Some recent personal discussions with a few colleagues got me thinking about ethics a little bit, and how they apply to all of us as freelance writers. We talk a lot here at All Freelance Writing about how to be a successful freelance writer. Now let’s talk about some ethics-related (and just common sense) issues, and how poor judgment can actually kill your career as a freelance writer. Here are three things you can do right now if you really don’t want to be a freelance writer tomorrow:
Lie to Clients
Don’t do it. Should I even have to say that? Don’t tell them someone died, so you won’t be able to finish their project on time just to buy some time. Don’t tell them you’re in the middle of working on the project this very minute when they get in touch if you’re really not. Don’t tell them that you’re doing the writing yourself if you’re really subcontracting it to other writers (it’s one thing to outsource… it’s another thing to be sneaky about it). Don’t tell them your computer crashed if it didn’t. Don’t tell them… do I really have to say anymore?
No matter how clever you think you’re being, you’re a total moron if you think lying to clients is OK. You’ll be found out… maybe not right away, but you will be. I’ve seen my fair share of writers exposed for liars publicly. It’s not a pretty sight. The fact is that if someone finds out you’re a liar in this day and age, it’s incredibly easy to broadcast that fact, and clients really will do it. That’s especially true if you’re getting most of your writing gigs through public outlets like forums and freelance bidding sites.
Alienate Your Colleagues
I know a couple of writers who completely suck at building relationships with colleagues. A lot of the time, they don’t even realize other freelance writers despise them. Why does this matter? Because most of the best freelance writing gigs are never advertised publicly. Having a strong network of other freelance writers who trust and respect you is your key to finding out about these potential clients.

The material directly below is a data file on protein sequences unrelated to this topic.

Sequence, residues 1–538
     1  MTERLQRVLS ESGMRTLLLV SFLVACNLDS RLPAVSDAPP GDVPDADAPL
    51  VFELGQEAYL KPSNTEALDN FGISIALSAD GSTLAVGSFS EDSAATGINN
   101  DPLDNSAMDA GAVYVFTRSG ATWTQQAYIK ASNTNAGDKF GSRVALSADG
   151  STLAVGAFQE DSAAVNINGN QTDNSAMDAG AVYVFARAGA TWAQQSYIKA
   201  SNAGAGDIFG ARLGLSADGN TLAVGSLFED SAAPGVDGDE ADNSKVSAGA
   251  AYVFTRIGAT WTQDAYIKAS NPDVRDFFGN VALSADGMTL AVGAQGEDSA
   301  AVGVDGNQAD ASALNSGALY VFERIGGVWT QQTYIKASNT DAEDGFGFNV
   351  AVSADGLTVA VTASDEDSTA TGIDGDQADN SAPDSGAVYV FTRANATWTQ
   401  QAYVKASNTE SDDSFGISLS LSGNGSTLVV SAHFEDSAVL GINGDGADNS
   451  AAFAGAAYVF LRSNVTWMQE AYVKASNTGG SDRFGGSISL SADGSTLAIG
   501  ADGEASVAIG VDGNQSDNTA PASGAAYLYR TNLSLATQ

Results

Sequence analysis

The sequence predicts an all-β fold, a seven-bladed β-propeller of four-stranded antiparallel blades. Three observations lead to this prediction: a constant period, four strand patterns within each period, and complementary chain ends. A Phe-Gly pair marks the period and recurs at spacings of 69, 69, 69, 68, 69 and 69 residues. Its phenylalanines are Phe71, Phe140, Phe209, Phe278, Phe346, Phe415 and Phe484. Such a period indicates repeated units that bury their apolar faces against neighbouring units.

I refer work to other writers nearly every day. I get contacted about projects outside of my specialty, so I refer the client to someone I know specializing in their area. I also sometimes simply have too much work scheduled to take on any more. In that case, I refer the client to my best competition that I’m aware of.
Did I just say that? I refer clients to my competition?? Damn straight. I’ve done it for years, and I’ve never had the client not come back to me afterwards (if they were my client to begin with). Why? Because I’ve shown them that I’m about more than a paycheck… that I have their best interests at heart, even when I’m not available to fulfill their needs.
At the same time, I very regularly receive referrals from other writers in my network. Sometimes I take on the clients, and sometimes I refer them to someone else. It’s the nature of the beast. There are writers I refer a LOT of work to. There are other writers I wouldn’t refer a client to no matter how desperate they are.
Having a handful of colleagues disliking you is nothing to get upset about. But if you find yourself alienating them in large groups, or if you have to constantly troll for work even though you have a big network because other writers just aren’t sending work your way, take a look in the mirror and give yourself a professional makeover before you cost yourself your career.
No matter how desperately you may want that next gig, never act that way. The fact that you likely work at home doesn’t excuse you from acting professionally. Begging for gigs won’t sustain your career for long. All it does is tell the client that you don’t know enough about managing a freelance career to effectively market yourself. That tells them you’re a prime sucker for things like cheap rates, unrealistic deadlines, and more. If you put the ball completely in their court, you won’t be respected, and you won’t likely be paid well.
I don’t know about you, but I’ve built my business (PR firm and freelance writing career) on my honesty… my very blunt honesty actually. I can come across as a bitch at times, and I’m OK with that. My clients know I’ll never be a “yes man,” just telling them what they want to hear. They know I’ll only give them advice if it’s truly good for their business (and that often enough includes advice that costs me immediate gigs – but it lands me much longer term business relationships overall). As surprising as it may seem to some, clients really do respect that. They love it so much, they even go out of their way to spread the word. Being blunt isn’t for everyone… being honest however is.
Act like a pushover now, and you’ll always be a pushover. Speak with authority in what you know, understand your value to your clients, and you’ll get the respect and successful career you deserve. I’m not saying you should act like an ass here… just that you need to be firm in what you know, what you believe, and what is and isn’t acceptable in your freelance writing career.
Respect yourself. Respect your clients. Respect your colleagues. It may just lead you to more work than you can handle.